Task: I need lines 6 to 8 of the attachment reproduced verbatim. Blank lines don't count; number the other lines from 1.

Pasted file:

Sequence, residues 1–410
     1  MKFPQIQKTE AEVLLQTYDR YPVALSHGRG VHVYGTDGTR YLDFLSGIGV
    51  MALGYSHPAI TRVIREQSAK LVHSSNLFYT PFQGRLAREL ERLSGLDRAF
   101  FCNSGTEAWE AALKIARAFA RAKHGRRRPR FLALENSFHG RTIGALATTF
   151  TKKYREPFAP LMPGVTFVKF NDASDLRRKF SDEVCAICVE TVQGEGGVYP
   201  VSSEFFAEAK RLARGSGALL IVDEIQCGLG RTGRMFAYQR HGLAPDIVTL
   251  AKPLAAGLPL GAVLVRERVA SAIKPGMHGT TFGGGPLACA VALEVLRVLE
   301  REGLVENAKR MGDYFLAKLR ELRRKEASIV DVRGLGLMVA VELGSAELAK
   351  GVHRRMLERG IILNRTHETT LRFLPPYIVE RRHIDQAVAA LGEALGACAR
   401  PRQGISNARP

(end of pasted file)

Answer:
   201  VSSEFFAEAK RLARGSGALL IVDEIQCGLG RTGRMFAYQR HGLAPDIVTL
   251  AKPLAAGLPL GAVLVRERVA SAIKPGMHGT TFGGGPLACA VALEVLRVLE
   301  REGLVENAKR MGDYFLAKLR ELRRKEASIV DVRGLGLMVA VELGSAELAK